You weren’t like any other mother in the neighborhood. That caused me some embarrassment, for I wanted you to imitate the moms I saw on television, who, ironically, were white. Your quiescent moods seemed so unmaternal to my teenage mind, so I was too embarrassed to invite people to our home.
Yes, you were an enigma to me, because you didn’t complete the actions of mothers, like cooking every day or hugging and speaking words of love. You weren’t disagreeable; you just seemed to live in another world, one that we weren’t invited to share.
But you went to work every night, the graveyard shift, to provide a roof over our heads and food that we learned to cook for ourselves. You did manual labor, the only employment that you could find for a black woman without an education.
But I knew that you could have been more, if you had been born in a different era, for you spent all day, each day, when you weren’t sleeping, working your crossword puzzles, books of them after books in ink, which let me know that you were really smart.
In your last years, you were a doting grandmother, and the kids and I still laugh when we remember that you were right, that you truly weren’t “domestic.” You told me that when I was a teenager, and I thought it meant that you never wanted to be my mother.
But then I grew up and found myself raising all of your grandchildren, my sister’s two daughters and two sons and my biological son. Motherhood was a constant round of doing, loving, and worrying. However, I was fortunate to be born in the time of Affirmative Action, a platform that allowed me to find good-paying jobs wherein I could use my intelligence.
Every Mother’s Day, as I watch the tributes to mothers, I think of you. You were different, yes, but you were my mother, the first person to hold me and dry my tears. More importantly, as I have grown older and learned of the life you lived as a black, uneduated woman, living in the South, I have come to appreciate all that you did for me.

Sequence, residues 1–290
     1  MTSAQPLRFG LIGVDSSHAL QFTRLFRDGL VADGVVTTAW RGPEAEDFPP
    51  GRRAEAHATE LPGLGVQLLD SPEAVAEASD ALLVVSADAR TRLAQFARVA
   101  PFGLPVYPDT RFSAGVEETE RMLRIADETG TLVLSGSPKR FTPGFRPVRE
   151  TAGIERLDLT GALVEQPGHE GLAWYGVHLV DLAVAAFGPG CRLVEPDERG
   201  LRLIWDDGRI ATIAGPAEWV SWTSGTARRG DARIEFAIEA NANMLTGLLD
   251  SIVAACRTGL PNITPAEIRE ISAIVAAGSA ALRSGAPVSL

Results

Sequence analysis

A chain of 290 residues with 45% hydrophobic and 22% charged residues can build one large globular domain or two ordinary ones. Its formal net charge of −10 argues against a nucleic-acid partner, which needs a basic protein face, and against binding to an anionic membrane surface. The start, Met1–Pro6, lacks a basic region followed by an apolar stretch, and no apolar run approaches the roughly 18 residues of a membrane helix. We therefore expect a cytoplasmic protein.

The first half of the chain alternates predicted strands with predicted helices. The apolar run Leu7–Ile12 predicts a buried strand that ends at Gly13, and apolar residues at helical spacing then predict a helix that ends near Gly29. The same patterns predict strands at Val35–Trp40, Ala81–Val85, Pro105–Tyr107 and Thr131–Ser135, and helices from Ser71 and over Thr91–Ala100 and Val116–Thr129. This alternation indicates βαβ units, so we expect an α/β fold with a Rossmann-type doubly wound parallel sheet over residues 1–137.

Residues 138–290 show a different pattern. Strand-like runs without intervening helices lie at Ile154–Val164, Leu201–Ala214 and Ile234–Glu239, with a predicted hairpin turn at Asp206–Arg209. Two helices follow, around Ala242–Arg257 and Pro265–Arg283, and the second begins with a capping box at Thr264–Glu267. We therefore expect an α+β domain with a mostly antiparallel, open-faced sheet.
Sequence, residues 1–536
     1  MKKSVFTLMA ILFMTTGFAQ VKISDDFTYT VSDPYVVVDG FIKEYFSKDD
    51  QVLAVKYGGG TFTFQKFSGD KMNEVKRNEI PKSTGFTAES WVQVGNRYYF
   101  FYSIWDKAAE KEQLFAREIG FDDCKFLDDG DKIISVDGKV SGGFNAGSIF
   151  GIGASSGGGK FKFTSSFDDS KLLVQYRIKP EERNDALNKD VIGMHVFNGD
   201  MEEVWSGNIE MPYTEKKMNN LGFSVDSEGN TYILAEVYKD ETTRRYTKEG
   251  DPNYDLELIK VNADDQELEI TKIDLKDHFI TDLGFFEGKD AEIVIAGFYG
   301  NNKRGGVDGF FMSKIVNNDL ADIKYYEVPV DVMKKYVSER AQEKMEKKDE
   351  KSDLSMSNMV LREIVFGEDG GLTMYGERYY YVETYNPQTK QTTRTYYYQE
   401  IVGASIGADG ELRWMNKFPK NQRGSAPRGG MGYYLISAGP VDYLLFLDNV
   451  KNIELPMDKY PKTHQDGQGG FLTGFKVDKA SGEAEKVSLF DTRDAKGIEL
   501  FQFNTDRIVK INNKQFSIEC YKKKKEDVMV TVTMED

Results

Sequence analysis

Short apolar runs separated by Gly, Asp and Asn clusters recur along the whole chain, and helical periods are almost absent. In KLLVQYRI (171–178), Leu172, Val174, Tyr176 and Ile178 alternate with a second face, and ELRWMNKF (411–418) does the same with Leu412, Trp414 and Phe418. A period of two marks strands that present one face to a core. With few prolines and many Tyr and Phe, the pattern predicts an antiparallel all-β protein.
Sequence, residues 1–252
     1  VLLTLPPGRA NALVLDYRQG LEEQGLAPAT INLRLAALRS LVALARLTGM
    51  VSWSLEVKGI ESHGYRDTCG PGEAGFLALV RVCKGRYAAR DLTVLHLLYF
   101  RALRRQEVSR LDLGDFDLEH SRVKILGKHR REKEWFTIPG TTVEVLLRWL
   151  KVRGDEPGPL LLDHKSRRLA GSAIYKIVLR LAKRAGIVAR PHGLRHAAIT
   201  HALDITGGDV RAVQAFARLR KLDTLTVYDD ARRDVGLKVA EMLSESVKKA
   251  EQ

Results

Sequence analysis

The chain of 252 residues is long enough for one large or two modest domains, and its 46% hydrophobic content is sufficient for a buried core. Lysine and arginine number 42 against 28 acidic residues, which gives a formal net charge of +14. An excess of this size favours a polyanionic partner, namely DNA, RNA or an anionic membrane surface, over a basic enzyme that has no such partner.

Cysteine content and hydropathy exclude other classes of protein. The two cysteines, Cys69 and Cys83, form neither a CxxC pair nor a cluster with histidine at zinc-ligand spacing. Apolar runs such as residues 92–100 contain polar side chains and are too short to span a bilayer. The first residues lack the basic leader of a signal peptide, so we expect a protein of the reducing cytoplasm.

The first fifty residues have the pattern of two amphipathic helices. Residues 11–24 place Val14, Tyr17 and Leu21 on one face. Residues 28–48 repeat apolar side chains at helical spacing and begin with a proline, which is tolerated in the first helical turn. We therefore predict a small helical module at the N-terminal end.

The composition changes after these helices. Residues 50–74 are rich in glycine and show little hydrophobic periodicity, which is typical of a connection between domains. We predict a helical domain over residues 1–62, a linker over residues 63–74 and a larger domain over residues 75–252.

You instilled in me a strong work ethic, and you allowed me the freedom to read books and my Bible, never telling that too much learning would drive me crazy, as some of my contemporaries’ parents did. You never told me that a knight in shining armor would once day come and whisk me away from poverty. Instead, you let me know that I had to work hard for myself.
And when you saw me lying on a hospital bed beaten and battered by a boyfriend, you told the doctors to take care of me, because you were on your way to “take care” of him. Thankfully, you didn’t find him. That was the day that I knew that you were like other mothers in your love for me and your willingness to do anything to keep me safe.
No, you never spoke words of love, but you lived them. Today, I send you flowers in Heaven, thankful for the woman God chose to parent me. He knew that I would need to know how to live in this difficult world without you for much of my life, and you were perfect for the assignment.
Happy Mother’s Day, Eloise! You were one of a kind! I still love you so much. Thanks for the lessons on life!